There are some things you just don’t throw away; World Series ticket stubs, Buddy Holly 45s, and old issues of U&lc magazine. Not only do these items mark moments of American culture, but they also embody unique collective experiences of time and place.
Right from its start in 1973, U&lc rocked the socks off graphic designers and type lovers across America and the world. Unlike many other design publications, it could not be bought at newsstands yet it cost nothing to subscribe to this quarterly magazine. I have not found any estimates of circulation during the earlier years, but at its peak approximately 200,000 copies were distributed worldwide.
The estimated pass along rate for U&lc was five to one, provided, of course, you could even pry a copy away from its owner. That’s what made each issue so special, not everyone had or could get a copy, making the subscriber “special” as well.
U&lc: influencing design and typography is a recently published book that chronicles the acclaimed magazine from its birth in 1973 through the last issue printed in 1999. John D. Berry,
From the beginning, ITC (International Typeface Corporation) founders Herb Lubalin, Aaron Burns and Ed Rondthaler, needed to promote ITC typefaces, and this new vehicle was to “soft market” the faces with a mix of flamboyant designs and intriguing content. It would have been a lofty goal anywhere else in the world. But this was New York City, the very center of advertising graphics and typography, and all of the ITC owners were very well known in this close-knit world of design giants.
With Herb as designer and editor, plus additional content by friends like Lou Dorfsman, Ernie Smith, Seymour Chwast, to name a few, the first issue was launched in basic black ink printed on tabloid sized newsprint. All of these alchemic ingredients blended with astounding results. As U&lc began arriving in mailboxes every three months, inspired readers grew into savvy in-the-know designers and more importantly, specifiers of ITC typefaces.
So began, the nearly one-hundred quarterly issues that changed typography and the business of selling type forever. The book itself displays all the U&lc covers in mini-gallery fashion on front and back foldout endpapers, and nearly 150 pages contain page spreads from selected issues of the magazine.
For those who have never seen an actual copy of U&lc, the page reproductions are quite good and even retain the yellow brown patina of aged newsprint, except shrunk down from the original tabloid size to fit the book’s 9 1/4 × 12 7/8 inch dull coated offset sheets.
The only shortfall that I feel about this book is that definitive spreads from each volume should have been distributed more evenly. The first ten years of U&lc only occupies thirty-four pages, and for some unknown reason Vol. 20, Nos. 1–4 span across eighteen pages of the book.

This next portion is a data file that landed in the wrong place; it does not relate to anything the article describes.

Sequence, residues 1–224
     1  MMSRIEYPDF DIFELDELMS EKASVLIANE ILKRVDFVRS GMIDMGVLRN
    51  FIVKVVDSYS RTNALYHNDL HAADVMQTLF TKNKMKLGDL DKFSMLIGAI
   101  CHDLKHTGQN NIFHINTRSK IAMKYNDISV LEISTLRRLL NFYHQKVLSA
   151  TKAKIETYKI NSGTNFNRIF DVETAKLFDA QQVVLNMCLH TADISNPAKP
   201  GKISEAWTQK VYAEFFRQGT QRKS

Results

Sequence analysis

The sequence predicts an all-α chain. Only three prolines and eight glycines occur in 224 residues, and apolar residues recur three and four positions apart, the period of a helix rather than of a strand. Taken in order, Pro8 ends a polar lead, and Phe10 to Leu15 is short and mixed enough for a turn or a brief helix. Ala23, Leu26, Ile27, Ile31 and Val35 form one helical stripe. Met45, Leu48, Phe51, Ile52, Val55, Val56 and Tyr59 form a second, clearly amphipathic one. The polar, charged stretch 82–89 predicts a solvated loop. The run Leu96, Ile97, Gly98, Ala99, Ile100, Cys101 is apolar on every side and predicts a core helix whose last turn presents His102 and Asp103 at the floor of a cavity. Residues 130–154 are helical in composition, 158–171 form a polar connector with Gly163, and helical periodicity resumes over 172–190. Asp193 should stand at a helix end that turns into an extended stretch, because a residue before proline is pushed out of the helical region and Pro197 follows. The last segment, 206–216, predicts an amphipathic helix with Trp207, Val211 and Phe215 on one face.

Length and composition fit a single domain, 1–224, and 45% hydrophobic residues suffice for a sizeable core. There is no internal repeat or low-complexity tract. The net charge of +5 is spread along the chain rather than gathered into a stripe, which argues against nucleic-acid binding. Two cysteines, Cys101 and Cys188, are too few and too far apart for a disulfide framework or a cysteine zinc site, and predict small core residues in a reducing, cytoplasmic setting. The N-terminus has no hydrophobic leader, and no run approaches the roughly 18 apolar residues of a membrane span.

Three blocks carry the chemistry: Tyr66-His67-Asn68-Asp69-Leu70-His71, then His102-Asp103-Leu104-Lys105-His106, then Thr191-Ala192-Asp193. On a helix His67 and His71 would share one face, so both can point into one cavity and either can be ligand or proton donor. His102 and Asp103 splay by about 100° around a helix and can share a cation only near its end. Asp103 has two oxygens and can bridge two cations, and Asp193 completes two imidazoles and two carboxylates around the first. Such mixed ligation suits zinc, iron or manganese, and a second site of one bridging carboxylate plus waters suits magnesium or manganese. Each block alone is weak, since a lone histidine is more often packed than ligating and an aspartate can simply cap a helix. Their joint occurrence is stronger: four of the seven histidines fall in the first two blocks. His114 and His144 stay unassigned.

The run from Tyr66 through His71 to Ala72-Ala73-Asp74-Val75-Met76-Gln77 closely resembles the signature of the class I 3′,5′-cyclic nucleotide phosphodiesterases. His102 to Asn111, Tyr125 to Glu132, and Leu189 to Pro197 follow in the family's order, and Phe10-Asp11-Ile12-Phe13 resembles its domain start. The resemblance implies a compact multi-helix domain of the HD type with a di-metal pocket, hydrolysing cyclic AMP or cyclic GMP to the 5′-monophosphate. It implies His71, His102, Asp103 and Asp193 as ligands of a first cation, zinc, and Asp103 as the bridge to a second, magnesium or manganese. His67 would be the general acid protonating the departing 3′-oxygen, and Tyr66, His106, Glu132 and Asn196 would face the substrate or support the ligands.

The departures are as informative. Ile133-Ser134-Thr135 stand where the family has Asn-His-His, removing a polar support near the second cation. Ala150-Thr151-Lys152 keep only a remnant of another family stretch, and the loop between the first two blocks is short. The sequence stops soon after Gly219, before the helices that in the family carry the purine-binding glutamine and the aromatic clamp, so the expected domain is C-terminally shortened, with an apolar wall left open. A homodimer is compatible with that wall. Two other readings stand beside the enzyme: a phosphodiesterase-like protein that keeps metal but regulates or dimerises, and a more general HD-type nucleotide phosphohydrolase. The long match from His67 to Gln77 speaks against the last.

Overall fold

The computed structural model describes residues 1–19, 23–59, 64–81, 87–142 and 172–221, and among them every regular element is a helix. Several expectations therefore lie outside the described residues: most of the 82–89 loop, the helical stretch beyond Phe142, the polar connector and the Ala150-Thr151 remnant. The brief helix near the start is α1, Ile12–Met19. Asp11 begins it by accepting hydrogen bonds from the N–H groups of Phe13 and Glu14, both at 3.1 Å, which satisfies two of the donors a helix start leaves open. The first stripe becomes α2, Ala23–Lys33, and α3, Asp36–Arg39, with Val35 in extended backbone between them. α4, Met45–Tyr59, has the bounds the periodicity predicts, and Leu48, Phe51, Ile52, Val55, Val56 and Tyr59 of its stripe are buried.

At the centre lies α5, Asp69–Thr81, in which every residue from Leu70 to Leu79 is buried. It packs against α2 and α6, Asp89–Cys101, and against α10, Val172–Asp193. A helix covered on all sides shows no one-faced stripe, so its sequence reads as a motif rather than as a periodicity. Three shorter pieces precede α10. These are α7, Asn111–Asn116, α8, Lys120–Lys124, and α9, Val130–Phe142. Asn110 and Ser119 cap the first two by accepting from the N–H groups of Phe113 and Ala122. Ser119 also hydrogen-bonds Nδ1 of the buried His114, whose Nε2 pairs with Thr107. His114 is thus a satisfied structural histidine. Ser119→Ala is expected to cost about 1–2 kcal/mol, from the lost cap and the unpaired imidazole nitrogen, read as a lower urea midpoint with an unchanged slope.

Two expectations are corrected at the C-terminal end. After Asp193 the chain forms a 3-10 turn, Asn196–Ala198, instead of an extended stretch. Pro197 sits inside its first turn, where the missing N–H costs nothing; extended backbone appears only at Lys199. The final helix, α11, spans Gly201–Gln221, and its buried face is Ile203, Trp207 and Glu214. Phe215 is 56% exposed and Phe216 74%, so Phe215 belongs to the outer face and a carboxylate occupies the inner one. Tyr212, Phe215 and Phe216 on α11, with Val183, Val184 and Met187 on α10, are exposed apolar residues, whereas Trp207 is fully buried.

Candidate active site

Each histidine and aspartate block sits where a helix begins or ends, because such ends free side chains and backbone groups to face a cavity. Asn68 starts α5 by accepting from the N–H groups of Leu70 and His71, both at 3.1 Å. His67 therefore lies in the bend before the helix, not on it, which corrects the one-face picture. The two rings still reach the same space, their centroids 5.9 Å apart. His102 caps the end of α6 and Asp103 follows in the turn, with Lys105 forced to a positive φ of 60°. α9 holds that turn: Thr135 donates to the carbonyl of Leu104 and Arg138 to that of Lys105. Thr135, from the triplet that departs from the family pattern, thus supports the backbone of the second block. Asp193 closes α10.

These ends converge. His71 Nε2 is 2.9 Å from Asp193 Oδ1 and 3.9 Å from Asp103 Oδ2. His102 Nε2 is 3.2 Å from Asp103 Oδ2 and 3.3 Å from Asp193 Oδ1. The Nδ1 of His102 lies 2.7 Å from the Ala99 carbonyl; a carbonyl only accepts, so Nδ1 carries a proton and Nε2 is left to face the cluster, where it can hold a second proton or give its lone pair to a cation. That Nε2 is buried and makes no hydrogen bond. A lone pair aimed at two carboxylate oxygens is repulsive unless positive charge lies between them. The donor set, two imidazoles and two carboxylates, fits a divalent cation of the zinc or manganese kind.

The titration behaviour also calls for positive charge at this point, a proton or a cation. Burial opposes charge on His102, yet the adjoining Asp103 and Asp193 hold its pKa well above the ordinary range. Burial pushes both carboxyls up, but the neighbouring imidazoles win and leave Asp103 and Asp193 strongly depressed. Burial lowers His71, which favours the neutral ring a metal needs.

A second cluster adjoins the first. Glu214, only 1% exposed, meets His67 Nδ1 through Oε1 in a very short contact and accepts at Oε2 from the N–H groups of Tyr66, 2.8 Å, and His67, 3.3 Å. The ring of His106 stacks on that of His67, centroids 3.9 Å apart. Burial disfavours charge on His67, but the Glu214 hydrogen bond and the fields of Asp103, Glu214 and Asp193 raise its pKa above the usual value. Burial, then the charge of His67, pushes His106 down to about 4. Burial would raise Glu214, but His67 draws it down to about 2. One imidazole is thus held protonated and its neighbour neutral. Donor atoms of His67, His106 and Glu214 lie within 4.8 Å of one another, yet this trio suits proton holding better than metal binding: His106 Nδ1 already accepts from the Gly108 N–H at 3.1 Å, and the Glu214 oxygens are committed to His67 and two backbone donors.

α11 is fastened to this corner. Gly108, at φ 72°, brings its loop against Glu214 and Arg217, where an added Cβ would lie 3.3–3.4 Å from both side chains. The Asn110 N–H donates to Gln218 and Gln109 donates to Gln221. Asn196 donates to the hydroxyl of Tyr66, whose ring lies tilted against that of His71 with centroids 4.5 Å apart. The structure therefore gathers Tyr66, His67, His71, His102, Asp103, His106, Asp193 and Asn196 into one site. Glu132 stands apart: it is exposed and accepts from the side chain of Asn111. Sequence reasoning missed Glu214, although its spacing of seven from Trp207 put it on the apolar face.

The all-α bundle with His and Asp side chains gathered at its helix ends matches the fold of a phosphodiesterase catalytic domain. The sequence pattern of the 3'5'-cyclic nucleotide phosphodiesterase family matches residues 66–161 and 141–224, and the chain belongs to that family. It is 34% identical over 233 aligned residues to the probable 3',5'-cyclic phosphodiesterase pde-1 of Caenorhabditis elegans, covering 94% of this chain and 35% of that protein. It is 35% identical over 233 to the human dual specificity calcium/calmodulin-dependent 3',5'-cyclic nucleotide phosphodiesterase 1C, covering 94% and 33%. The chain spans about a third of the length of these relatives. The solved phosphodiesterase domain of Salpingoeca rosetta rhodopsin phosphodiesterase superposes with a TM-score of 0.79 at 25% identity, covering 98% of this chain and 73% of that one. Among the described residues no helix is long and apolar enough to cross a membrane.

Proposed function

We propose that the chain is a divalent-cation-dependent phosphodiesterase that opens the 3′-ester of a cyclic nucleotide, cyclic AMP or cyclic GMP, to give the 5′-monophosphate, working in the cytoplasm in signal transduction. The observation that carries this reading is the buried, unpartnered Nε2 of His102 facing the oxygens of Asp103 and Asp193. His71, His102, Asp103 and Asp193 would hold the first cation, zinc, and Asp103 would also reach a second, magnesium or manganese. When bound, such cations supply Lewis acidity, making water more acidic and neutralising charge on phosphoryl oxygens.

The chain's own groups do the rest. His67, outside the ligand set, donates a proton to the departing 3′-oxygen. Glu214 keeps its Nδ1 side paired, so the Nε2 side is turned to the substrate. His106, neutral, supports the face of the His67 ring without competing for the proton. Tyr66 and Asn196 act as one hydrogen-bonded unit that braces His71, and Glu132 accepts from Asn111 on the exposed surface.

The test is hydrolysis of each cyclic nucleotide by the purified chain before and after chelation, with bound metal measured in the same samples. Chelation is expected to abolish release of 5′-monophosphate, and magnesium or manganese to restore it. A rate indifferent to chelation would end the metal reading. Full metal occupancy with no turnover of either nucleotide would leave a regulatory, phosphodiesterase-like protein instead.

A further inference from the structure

Which brings up what many faithful readers consider the most shocking of all U&lc issues — Vol. 25, No. 1, the infamous break from tradition. Berry describes in wonderful detail the events leading up to the 25th-anniverary issue. Just before he arrived as the new editor, the decision had been made to reduce the issues down from the large tabloid format to a more conventional 8 × 11 inch page size … the pre-shock to the earthquake.
He then goes on to explain how he and Mark van Bronkhorst, designer, had “hatched a subversive idea: to radically change the logo of U&lc.” In his article, Berry admits that nothing during his tenure as editor “created as much of a stir as changing the logo.”
In addition to Berry’s article on The business of type, there are stories by Joyce Rutter Kaye, Rhonda Rubinstein and Steven Heller, three veterans of U&lc, each bringing behind-the-scene views and insights into what made the magazine remarkable.
Towards the back of the book are two lists; one cataloging the contents of each issue, and the other listing editors and designers of each issue. Outside of a mysterious omission of Vol. 3, No. 1 on both lists (the issue did exist), I did discover something that was a disappointment to me.
I have for ages felt especially proud be an owner of U&lc Vol. One, No. One, intact with my personal mailing address and dated 1974. Whoops! Wait a minute … the reproduction from the book reads, “Volume One, Number One, 1973.” Both my copy and the book’s repro of Vo. 1, No. 2 are dated 1974, which means at some point between the FIRST printing of the FIRST issue of U&lc in 1973 and the printing of issue No. 2, there had to be another print run of issue No. 1, more than likely for an additional mailing.
What a bummer! I guess I just have to be happy that I still own a tall stack of yellowing issues representing the first ten years of the phenomenon known as U&lc. If you don’t happen to own any back issues, the U&lc: influencing design and typography book from Mark Batty Publisher is as close as it gets. Just be aware that your graphic designer friends will want to borrow the book, it’s all part of the U&lc pass-along readership legacy.